All the weird and wonderful things that help to inspire me on a daily basis.


Equine Massage, Horse and Rider Fitness Training & Rehabilitation

From beginners to experts, no matter where they fall in the abilities category, like any other sport they need to accurately assess their strengths and weakness so that they can improve their performance.

As well as working with people, I  work with horses and their riders to help reduce injury and improve performance.  Just as you might find it beneficial to see a physio or professional massage therapist, so will your horse.I like to watch you work together, as team, and doing a bit of ground work – unless one of the two of you injured, as that shows me where I can most efficiently work to improve your performance.  I can then also slow you techniques to help keep both you & your horse fitter, happier and healthier.

To achieve their competitive best,  an adult rider should be engaging in cross-training activity three to four times per week for 60 to 90 minutes. Include core strength, muscle strength for balancing & symmetry, flexibility, and cardiovascular endurance. A non-competitive adult should be engaged in physical activity on a daily basis for 30 to 60 minutes, if they are in competition training, add 30 – 60 minutes a week of stretch and flexibility training to create more suppleness with stability. Don’t forget those spinal rotations!

If that rider is you, your program needs to incorporate your specific requirements, (injuries, postural issues, disabilities) into account, as well as any to compensate for any that your horse may have.  It will be very much like the training goals & schedule you have made for yourself, your goals are for the horse: to improve his overall fitness, endurance, suppleness, flexibility, strength, cardio fitness, refining technique & performance style.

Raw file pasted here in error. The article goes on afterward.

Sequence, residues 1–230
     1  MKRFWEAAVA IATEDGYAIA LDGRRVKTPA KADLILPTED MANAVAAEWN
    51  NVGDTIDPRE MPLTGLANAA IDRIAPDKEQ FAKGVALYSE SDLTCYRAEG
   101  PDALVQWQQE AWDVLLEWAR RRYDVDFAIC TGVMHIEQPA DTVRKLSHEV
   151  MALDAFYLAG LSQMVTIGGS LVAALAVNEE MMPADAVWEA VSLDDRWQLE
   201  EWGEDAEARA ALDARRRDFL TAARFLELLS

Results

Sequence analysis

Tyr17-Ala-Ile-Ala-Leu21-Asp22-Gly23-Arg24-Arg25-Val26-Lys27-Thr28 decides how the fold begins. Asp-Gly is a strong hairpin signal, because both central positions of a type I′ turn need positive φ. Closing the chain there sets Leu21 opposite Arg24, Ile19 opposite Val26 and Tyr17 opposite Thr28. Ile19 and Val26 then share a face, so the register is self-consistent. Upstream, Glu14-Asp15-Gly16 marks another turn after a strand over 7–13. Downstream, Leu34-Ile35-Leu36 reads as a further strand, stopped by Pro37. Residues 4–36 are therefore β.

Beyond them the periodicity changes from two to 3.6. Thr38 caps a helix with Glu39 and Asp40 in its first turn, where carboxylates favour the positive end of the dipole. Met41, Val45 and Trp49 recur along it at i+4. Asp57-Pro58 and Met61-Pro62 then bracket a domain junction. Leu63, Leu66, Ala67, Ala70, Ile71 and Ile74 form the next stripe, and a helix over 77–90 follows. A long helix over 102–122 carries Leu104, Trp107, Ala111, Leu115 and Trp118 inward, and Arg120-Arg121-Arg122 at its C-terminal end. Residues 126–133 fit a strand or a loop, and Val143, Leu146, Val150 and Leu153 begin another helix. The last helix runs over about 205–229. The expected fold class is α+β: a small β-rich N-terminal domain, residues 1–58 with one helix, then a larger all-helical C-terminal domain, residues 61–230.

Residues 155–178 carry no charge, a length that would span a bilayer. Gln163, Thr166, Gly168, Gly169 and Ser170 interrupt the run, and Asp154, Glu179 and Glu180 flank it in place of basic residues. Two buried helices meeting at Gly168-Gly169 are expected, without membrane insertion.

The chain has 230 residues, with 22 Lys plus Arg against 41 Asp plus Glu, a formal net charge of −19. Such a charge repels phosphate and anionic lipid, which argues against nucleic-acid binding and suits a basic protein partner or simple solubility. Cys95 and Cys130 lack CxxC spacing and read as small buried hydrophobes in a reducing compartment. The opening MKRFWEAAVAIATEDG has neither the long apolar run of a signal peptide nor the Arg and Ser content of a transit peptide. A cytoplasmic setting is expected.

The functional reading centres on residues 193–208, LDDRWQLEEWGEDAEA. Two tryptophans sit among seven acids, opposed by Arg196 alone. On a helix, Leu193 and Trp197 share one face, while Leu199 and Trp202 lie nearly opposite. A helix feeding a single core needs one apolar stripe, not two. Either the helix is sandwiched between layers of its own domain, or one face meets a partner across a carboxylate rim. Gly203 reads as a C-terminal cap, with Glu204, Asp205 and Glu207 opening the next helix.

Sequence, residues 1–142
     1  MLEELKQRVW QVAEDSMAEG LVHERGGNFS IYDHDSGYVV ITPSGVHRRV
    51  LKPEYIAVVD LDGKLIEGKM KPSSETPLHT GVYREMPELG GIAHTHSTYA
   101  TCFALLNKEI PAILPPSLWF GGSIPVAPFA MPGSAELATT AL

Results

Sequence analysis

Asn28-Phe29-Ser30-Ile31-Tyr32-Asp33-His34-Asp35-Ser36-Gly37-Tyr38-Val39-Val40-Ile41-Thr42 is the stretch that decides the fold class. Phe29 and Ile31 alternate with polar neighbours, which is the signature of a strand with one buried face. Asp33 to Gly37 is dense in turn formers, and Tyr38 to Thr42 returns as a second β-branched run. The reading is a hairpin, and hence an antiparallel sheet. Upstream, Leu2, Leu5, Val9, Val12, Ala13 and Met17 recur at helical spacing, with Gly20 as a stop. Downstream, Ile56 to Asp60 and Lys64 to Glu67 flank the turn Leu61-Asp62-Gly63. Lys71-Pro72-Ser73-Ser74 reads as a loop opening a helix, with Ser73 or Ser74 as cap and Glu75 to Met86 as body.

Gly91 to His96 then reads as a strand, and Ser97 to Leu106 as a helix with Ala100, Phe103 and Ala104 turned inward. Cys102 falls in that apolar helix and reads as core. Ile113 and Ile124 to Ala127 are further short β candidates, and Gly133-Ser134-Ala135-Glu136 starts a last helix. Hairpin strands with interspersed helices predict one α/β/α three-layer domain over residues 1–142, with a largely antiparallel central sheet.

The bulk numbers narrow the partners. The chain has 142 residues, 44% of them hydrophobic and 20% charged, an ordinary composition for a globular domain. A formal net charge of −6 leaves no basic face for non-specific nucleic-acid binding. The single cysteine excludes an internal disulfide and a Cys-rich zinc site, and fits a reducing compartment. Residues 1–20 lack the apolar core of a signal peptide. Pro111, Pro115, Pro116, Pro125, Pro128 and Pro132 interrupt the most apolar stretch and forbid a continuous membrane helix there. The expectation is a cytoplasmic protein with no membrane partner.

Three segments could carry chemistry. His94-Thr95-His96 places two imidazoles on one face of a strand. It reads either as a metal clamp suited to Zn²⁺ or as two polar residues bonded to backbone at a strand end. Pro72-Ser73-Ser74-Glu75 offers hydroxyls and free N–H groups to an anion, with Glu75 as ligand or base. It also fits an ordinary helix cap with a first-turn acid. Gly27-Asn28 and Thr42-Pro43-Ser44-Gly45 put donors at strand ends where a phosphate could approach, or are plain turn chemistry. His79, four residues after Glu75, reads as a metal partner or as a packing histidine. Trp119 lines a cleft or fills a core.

Because we approach and mount Near side, most of our horses will have more left sided issues – i.e.  heavy on the rear end, leading to falling through on the forehand. If you have a tendency to land on one side when going over fences, for example, then doing more balancing and strength exercises, like Pilates, Alexander Technique, Feldenkrais exercises, (along with good bone density exercises with weights for women), will help you gain more symmetry. This is important for  control over your body weight distribution in your stirrups so you are not repeatedly throwing your weight on one side of your horse & causing injuries.

First, get yourself a great riding instructor, or a winning exhibitor, a horse knowledgeable physio,  or equine & human therapist to assess your key priorities. What are your postural challenges/issues/ injuries? Do you with more weight in one stirrup than the other? Slouch or hunch in the saddle?

A great little exercise is taking away your stirrups until you sit properly at every gait.  Correct  saddle fit is crucial, but poor posture of the rider  is often overlooked as the cause of soundness issues in the horse. The effect your own lack of weight distribution symmetry and self-carriage has on the horse is magnified in power events such as racing, steeple chasing, high level jumping, and high stamina events such as dressage, distance riding, eventing, including rodeo & western trail, barrel racing &  gymkhana.